10 rules for writing fiction

The Guardian asked a series of writers, including Elmore Leonard, Neil Gaiman, and Margaret Atwood, to list their writing Do’s and Don’ts. Hard to pick a favorite, there are just so many that I love, but here’s an example:

Never use a verb other than “said” to carry dialogue. The line of dialogue belongs to the character; the verb is the writer sticking his nose in. But “said” is far less intrusive than “grumbled”, “gasped”, “cautioned”, “lied”. I once noticed Mary McCarthy ending a line of dialogue with “she asseverated” and had to stop reading and go to the dictionary.

Though these rules are all listed by novelists, worth reading by anyone who creates prose of any kind.

  • There are no “rules” when writing fiction. There is only advice and it’s up to the writer whether or not to take it.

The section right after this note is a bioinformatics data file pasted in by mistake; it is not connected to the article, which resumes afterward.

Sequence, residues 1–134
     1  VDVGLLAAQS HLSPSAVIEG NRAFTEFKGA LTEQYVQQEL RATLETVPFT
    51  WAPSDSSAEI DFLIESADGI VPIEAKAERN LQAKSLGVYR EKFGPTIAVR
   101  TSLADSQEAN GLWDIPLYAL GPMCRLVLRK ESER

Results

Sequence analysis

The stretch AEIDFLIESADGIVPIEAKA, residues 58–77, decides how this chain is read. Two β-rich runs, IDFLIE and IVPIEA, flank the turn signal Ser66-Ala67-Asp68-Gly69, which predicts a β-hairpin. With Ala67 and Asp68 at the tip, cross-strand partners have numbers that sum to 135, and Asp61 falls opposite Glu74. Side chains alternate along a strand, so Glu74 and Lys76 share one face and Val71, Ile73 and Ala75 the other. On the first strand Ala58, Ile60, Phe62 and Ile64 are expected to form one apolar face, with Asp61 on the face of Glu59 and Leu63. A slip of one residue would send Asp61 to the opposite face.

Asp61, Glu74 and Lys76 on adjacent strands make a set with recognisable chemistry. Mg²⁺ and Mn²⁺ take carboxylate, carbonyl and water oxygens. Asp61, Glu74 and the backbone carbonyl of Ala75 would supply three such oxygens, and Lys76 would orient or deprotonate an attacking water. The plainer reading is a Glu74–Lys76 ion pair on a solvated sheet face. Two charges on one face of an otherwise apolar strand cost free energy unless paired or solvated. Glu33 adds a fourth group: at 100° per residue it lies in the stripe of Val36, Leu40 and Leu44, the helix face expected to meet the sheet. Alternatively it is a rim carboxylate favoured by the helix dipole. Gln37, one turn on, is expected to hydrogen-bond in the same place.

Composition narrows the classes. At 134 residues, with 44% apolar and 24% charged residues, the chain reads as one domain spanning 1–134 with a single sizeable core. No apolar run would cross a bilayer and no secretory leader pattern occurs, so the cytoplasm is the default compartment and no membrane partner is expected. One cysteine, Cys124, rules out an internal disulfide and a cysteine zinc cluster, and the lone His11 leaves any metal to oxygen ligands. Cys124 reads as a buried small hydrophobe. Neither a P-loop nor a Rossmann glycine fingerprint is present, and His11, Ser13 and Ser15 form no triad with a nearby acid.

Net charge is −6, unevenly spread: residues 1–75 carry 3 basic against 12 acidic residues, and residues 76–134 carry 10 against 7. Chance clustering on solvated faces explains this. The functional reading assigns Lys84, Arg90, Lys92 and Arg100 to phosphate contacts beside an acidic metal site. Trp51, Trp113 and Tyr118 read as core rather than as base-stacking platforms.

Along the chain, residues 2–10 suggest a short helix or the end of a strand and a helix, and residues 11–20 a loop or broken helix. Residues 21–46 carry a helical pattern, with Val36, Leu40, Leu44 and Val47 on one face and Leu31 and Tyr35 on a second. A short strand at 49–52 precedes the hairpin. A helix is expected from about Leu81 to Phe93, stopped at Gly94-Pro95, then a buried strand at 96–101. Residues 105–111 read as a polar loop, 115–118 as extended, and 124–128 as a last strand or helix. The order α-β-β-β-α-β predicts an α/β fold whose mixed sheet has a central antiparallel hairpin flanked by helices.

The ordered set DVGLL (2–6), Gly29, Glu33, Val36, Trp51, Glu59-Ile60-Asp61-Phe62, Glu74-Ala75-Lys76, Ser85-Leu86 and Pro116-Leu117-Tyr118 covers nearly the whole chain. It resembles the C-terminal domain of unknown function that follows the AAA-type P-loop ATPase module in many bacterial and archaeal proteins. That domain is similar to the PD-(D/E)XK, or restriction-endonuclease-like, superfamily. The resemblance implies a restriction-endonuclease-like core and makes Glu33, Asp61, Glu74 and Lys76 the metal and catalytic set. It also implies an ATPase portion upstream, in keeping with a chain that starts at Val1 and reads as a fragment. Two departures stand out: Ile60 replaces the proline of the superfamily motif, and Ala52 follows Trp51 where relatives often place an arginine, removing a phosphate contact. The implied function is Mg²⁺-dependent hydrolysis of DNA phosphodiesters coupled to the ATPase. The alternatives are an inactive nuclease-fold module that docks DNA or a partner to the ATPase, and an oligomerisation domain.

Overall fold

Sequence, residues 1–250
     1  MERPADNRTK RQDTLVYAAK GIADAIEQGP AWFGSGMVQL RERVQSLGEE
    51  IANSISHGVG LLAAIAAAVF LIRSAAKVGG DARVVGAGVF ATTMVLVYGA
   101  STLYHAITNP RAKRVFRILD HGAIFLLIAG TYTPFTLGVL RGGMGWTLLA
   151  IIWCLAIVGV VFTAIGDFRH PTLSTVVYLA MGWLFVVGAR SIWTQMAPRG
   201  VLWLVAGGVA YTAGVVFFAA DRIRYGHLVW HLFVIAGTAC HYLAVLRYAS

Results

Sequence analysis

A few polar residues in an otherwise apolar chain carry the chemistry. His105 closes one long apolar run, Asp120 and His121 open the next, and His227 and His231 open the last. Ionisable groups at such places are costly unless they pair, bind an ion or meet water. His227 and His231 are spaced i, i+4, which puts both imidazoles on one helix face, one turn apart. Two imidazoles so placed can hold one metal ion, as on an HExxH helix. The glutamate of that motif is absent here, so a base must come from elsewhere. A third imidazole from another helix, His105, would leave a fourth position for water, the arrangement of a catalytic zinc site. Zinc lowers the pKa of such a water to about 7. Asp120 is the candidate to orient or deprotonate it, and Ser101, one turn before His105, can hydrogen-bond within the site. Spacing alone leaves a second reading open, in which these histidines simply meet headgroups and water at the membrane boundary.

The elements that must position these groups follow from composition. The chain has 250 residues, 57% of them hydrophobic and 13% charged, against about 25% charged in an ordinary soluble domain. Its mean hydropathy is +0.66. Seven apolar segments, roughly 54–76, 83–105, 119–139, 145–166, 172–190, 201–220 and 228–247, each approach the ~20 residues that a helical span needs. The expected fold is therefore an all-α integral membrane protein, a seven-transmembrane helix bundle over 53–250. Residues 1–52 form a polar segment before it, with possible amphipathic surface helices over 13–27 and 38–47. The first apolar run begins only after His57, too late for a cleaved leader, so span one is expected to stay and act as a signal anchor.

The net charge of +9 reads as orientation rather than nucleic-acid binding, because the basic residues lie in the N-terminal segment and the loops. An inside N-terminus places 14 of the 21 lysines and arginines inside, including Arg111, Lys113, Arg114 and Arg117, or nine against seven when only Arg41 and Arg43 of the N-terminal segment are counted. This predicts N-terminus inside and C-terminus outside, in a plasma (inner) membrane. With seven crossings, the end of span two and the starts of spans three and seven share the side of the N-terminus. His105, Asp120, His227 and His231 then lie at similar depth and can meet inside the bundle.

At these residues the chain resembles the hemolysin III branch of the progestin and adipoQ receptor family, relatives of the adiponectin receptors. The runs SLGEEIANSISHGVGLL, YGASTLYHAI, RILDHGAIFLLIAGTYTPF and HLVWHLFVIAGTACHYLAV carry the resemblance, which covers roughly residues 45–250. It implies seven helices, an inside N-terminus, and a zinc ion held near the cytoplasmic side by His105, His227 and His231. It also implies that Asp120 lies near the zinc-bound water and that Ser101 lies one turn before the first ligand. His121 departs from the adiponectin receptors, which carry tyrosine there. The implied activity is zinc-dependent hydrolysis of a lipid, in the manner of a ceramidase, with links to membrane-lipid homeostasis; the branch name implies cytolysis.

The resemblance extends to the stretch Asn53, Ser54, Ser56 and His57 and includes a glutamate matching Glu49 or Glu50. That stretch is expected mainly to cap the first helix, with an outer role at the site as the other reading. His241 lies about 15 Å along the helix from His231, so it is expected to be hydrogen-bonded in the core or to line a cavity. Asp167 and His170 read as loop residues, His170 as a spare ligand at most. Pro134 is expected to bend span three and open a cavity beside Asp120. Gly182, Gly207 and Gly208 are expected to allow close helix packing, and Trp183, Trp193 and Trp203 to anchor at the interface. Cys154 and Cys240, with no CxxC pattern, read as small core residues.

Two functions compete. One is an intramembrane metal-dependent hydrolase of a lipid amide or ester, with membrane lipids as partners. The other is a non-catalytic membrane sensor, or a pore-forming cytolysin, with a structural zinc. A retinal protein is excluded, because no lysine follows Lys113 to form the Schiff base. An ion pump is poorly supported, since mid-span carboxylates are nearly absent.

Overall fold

• BonnieH

      Totally agree, Harry Marks, about no rules. If everybody wrote by ‘the rules’ we wouldn’t have the amazing variety we have in the world.

  • Reader

    Elmore Leonard’s advice sounds terrible. Churning out more plain prose, boring writing that plagues modern literature.

  • Ray Bradbury’s “Zen and the Art of Writing” is a favorite of mine. And Stephen King’s “On Writing” is great. But for how to think about writing and storytelling, try “Journal of a Novel”, by John Steinbeck — written as letters to his friend and editor as he was working on East of Eden.